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How to overcome Imposter Syndrome as a writer

It’s that time of the year, it’s that time of the month. The time when you look at what you have been doing lately, and realise it is all a bit of a farce.

Francesco Dimitri
Francesco Dimitri

Yes, you finished a short story. Yes, you finished a novel. Maybe you even sold a novel. Sold several, in fact. Readers seemed to enjoy them. You got a great review in The Guardian. You’re earning good royalties. But, so what?

You’re still a con. If things go wrong – if you don’t manage to finish the story, or finish the novel, or sell the novel, or get superstar status – then it just goes to show you’re an imposter. A pathetic pretender playing a game well out of their league.

And if things go well – and you do finish the story, or you finish the novel, or you become the next Angela Carter – then it goes to show modern editors are dumb and modern readers are tasteless. But they’ll find out their mistakes sooner or later, they’ll amend their ways, and you’re going to fall from grace, as you deserve.

Like all irrational impulses, imposter syndrome is hard to outwit and even harder to defeat.

Whatever happens, you’re proven right about feeling like an imposter. Whatever happens, you’re like a conspiracy theorist, searching for evidence that your theory is correct. Aliens land in your garden? There you go, the government was hiding them all the time. Aliens fail to show up? Of course, the government keeps hiding them.

Most artists (big and small, world-famous or unknown) have to deal with imposter syndrome. I’ve found a solution that works for me, and I want to share it with you. Here’s the thing, it may not work for you, but I hope it provides some food for thought at least.

The solution is pretty simple: rather than run from the feeling of being a scam, run towards it. Embrace it to the full.

There is no point in trying to find reasons why you’re not an imposter if you already decided you are. So you may as well be the best imposter there is. You’re creating art, after all. The stakes aren’t too high if you make a few mistakes. If you can embrace the feeling, embrace being an imposter to ease your worries – why shouldn’t you?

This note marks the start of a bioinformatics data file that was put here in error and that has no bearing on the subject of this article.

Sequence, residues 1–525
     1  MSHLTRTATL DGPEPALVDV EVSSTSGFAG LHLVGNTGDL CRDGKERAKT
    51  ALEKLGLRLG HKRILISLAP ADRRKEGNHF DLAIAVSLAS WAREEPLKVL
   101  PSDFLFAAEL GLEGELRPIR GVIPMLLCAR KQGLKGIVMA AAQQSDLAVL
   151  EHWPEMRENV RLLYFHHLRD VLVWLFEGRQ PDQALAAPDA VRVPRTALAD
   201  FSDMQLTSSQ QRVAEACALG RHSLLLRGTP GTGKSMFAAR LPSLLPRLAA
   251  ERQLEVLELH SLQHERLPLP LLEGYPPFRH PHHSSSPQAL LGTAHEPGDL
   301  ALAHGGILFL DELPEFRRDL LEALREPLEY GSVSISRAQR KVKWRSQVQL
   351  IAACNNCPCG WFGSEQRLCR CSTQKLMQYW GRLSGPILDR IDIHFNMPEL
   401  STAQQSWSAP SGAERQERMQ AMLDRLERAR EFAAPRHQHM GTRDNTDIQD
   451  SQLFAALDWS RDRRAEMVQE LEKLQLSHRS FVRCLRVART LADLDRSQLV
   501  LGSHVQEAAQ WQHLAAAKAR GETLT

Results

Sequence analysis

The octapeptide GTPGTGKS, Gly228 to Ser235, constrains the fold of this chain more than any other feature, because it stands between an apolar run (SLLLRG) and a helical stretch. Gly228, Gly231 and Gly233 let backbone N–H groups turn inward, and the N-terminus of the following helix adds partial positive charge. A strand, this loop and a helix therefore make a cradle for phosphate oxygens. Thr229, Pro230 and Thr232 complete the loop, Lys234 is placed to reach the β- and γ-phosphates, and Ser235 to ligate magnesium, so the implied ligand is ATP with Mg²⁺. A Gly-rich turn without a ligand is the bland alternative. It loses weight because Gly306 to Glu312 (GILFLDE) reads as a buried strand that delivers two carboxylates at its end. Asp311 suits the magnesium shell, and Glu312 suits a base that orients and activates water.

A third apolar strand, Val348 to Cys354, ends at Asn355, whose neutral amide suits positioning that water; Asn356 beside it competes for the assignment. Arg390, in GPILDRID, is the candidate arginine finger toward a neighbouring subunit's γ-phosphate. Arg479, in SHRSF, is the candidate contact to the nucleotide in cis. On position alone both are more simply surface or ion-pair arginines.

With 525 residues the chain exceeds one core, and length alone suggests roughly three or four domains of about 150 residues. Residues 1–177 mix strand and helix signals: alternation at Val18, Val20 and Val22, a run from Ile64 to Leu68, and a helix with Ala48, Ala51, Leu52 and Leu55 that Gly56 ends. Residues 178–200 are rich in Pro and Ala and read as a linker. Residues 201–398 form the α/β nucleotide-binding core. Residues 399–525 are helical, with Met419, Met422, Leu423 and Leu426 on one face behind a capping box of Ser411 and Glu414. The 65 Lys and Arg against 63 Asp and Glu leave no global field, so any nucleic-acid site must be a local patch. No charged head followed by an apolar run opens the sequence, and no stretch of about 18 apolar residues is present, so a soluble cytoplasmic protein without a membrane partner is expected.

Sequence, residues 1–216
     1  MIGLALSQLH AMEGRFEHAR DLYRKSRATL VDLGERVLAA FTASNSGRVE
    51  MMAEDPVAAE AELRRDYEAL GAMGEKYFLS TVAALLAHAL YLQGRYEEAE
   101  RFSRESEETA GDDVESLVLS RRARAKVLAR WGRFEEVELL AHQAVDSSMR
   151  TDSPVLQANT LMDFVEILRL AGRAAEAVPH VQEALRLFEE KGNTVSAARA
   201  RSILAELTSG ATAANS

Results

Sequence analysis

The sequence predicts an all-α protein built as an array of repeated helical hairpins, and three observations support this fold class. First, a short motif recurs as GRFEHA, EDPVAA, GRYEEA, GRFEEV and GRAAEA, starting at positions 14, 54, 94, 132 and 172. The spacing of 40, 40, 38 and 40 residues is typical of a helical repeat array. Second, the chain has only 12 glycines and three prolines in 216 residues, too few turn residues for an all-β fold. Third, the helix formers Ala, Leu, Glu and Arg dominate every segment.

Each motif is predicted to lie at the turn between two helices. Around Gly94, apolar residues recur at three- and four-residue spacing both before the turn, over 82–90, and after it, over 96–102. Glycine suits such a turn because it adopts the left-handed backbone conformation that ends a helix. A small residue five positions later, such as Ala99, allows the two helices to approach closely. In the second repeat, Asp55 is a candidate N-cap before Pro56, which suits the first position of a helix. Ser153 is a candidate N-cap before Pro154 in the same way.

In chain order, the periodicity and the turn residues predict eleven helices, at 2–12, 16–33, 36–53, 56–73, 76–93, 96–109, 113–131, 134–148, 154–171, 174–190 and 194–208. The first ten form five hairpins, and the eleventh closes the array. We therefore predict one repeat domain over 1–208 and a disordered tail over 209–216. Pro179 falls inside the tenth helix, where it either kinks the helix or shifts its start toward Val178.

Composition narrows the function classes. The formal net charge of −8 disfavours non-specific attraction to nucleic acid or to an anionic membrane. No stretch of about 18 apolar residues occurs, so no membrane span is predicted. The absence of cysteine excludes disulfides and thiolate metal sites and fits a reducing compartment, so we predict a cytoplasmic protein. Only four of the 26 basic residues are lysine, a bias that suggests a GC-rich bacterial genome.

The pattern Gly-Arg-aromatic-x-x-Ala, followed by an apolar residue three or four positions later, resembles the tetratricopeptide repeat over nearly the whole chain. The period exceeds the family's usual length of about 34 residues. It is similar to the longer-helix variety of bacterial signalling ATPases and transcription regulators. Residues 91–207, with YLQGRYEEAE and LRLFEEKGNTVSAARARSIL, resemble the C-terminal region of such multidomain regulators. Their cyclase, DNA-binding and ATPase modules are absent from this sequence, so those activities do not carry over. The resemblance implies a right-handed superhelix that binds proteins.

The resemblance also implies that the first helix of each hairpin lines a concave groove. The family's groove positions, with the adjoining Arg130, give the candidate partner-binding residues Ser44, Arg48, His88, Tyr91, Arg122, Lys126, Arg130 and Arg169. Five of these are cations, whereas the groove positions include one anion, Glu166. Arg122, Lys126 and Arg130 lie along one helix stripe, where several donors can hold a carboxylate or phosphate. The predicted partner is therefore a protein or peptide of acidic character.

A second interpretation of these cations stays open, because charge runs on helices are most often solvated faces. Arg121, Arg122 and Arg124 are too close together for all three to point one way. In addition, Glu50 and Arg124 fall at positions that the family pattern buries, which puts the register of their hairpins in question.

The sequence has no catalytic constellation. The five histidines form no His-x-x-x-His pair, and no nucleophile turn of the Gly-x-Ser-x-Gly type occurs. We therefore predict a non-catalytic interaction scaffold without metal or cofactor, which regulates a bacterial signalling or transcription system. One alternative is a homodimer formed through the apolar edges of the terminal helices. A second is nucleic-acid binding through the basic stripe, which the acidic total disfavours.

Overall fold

Although the short story was never written, you will keep pretending you can indeed write it. Although the editors didn’t realise your book is actually terrible, you will keep taking their money. What’s the harm? Yes, maybe they’re deceived. Well, tough luck for them.

And yes; maybe one day the world will realise what a scam you are. But as long as it’s not today, you’re fine, just keep going.

Let the future version of you deal with the problem when it comes. Meanwhile, keep writing until you finish that story, or keep selling your books if you’re at that stage.

All art is about making things up. All artists are tricksters. It’s okay to be an imposter. There’s nothing else you can be.

Find out about our online course with Francesco, Creativity for Writers, and learn how to defeat your imposter syndrome.

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Meet your Course Director

Francesco Dimitri

Francesco Dimitri

Francesco Dimitri is a prize-winning author of fiction and nonfiction, a screenwriter and comic book scriptwriter.

His work has been published in many languages. He is considered one of the foremost fantasy writers in Italy, and his debut novel in English, The Book of Hidden Things is acclaimed as ‘beautifully written’ (New York Journal of Books) and ‘fantasy at its best’ (Terri Windling).

His latest novel, Never The Wind, gained him acclaim as ‘one of the most wondrous writers of our time’ (Fortean Times). His non-fiction titles include That Sense of Wonder: How to Capture the Miracles of Everyday Life and To Read Aloud: Rediscovering the Lost Art of Reading and Listening, a ‘literary toolbox for wellbeing’.

Francesco was on the Faculty of the School of Life and has worked as a corporate and executive trainer with large European organisations, helping enhance the human and story skills brands and businesses need to face the psychological and creative challenges of work and life.

More about Francesco Dimitri

Creativity For Writers

Commit to new ideas and establish creative habits that stick.

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